If, like me, you suffer from asthma (or other respiratory ailments), you've probably been hurting more than most on account of the fires. Smoke and ash weigh heavily on even unhindered lungs, so we've compiled the following tips to help you stay healthy.
At 6 o'clock this morning, I was a little put off when I stepped outside to let the puppy do her business and noticed the fine coating of ash that had settled during the night. As a friend who just returned from several years' living abroad remarked this morning on Facebook, it's literally raining ash in some areas. If you're asthmatic, the following techniques and remedies can provide some relief, but sufferers of other conditions such as emphysema might also find some useful information.
• Remember your inhaler
This might seem like a no-brainer, but depending on the severity of your asthma and how often you suffer attacks, your inhaler might be tucked away handily in your back pocket at all times or stowed away in the bottom of a drawer full of expired bottles of ibuprofen. Should you be more inclined toward the latter scenario and find yourself having an attack at work without your albuterol, well, you're going to be uncomfortable.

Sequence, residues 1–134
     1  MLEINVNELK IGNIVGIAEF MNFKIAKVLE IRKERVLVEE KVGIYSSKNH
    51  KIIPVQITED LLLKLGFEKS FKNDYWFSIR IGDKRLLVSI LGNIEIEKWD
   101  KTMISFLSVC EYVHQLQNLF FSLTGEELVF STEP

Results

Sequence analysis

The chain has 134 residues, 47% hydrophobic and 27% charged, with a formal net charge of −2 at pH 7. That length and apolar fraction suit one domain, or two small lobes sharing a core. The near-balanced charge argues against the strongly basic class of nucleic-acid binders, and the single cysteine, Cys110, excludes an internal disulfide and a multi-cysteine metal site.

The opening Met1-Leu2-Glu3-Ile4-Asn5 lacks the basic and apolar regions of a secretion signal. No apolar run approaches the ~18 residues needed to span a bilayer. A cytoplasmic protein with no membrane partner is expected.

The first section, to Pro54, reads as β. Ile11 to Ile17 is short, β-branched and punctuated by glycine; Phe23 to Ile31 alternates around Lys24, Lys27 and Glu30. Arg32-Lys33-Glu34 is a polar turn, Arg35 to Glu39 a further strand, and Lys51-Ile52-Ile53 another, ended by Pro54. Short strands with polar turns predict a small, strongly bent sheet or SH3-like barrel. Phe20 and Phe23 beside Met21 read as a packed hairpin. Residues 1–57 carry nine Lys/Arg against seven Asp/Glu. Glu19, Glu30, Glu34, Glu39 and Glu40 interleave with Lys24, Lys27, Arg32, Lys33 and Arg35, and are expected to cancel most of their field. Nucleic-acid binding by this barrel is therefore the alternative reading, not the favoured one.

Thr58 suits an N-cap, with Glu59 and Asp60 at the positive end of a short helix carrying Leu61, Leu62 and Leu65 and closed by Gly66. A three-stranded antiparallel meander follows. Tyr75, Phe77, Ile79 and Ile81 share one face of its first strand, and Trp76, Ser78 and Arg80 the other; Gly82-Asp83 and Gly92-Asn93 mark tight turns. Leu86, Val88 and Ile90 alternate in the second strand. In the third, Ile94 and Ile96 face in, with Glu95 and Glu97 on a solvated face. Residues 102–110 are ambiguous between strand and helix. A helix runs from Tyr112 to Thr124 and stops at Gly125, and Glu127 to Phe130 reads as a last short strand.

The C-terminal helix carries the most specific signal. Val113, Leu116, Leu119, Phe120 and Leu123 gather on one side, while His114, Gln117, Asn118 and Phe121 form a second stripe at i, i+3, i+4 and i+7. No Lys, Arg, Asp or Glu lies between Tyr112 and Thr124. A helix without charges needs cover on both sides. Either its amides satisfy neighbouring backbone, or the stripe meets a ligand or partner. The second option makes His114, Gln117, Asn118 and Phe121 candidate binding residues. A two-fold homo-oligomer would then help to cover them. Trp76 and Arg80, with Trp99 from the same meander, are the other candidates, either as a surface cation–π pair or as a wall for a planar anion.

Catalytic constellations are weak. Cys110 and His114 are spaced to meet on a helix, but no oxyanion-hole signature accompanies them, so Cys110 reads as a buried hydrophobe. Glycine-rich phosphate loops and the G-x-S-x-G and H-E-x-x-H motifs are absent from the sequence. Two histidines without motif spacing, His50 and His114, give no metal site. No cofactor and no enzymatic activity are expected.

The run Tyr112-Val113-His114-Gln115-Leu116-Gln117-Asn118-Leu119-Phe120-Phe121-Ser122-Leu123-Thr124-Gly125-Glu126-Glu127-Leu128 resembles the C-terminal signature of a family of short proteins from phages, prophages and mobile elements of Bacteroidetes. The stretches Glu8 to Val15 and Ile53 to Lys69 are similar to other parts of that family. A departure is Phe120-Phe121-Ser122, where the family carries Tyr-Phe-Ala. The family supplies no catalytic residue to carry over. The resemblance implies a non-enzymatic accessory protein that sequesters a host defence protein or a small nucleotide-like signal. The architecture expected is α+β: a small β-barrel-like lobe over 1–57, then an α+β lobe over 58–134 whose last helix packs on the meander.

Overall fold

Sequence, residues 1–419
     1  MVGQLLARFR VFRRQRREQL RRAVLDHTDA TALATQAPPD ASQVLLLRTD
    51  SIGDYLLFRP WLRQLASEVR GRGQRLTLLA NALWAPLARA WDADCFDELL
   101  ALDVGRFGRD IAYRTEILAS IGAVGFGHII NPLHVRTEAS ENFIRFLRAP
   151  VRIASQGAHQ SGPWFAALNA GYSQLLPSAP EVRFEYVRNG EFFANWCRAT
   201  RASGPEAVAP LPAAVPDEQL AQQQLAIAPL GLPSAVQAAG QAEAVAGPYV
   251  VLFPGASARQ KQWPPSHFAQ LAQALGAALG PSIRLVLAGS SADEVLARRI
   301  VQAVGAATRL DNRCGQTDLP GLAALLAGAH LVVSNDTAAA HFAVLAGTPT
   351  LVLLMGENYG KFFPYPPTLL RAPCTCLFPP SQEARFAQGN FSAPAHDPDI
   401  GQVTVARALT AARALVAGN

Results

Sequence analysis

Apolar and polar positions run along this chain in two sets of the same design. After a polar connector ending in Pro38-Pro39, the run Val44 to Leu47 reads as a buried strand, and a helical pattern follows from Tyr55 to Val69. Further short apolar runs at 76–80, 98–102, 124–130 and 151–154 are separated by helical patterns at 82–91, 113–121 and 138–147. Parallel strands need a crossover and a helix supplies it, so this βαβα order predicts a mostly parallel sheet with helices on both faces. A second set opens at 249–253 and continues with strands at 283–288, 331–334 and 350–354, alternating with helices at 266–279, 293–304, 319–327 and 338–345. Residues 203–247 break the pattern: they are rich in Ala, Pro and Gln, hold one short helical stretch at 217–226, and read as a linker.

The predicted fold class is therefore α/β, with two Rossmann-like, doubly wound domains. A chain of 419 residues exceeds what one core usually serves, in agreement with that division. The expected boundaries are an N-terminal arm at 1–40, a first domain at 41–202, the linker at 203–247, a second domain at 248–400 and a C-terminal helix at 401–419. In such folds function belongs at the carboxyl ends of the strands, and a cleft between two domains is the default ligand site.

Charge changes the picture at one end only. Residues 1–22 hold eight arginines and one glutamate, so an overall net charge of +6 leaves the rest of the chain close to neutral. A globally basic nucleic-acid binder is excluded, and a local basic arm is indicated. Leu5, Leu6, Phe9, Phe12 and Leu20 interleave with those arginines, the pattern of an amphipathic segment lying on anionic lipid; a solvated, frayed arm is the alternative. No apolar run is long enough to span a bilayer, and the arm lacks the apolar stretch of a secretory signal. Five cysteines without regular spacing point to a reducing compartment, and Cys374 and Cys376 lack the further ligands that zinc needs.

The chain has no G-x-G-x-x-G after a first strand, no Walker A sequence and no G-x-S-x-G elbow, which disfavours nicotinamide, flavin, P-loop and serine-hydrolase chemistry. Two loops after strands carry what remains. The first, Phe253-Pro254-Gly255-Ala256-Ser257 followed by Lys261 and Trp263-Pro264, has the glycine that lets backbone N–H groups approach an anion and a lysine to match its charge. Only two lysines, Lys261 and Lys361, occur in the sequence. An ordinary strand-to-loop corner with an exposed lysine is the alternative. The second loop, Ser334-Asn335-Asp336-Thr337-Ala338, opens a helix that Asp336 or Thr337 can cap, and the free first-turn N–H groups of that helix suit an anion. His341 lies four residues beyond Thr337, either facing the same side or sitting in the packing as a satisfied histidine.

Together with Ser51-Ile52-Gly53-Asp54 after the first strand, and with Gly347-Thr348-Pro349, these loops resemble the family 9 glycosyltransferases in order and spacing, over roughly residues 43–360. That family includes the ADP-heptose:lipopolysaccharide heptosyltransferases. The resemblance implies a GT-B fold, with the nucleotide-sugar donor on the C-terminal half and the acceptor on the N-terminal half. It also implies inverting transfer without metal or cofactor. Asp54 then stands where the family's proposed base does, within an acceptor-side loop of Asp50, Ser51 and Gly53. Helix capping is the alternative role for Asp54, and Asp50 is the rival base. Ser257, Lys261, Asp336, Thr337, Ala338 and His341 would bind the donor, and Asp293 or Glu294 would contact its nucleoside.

• Drink coffee
Someone shared this little trick with me when I was a child, as a sort of quick-fix emergency solution for when you don't have an inhaler. The thinking here, as I understand it, is that caffeine causes your body to produce adrenaline, which causes your airways to open up. The relief from this is short-lived, however, and you should take the time to look for a solution with better staying power before the inevitable crash. Also, the same adrenaline that helps relieve attacks can also cause attacks in certain people. Spicy foods are another option. You can order up Thai hot or pay a visit to the United States of Chileland, but your mileage, as they say, will vary.
• High-efficiency particulate air filter
This recommendation comes from the New Mexico Environment Department and New Mexico Department of Health. Standard air-conditioner filters have pores too large to filter smoke. For the same reason, swamp coolers should be avoided. Installing a HEPA filter can help reduce particle inflow into the home. NMED and DOH also recommend not trying to vacuum up particles that do get in, as vacuuming stirs up resting particles and generally causes more harm than good.
• Avoid exertion and remain indoors
Exercise is good, but exercise also increases your breathing rate, which causes you to inhale more smoke and ash. Even if smoke isn't visible in your area, the air quality may still have taken a hit, and it might be time to put that gym membership to use. If smoke in your area is so dense as to seriously impair visibility, the air is probably hazardous, and you should consider relocating to a less afflicted area until conditions improve.
Stay tuned to SFReporter.com for more information on fire conditions.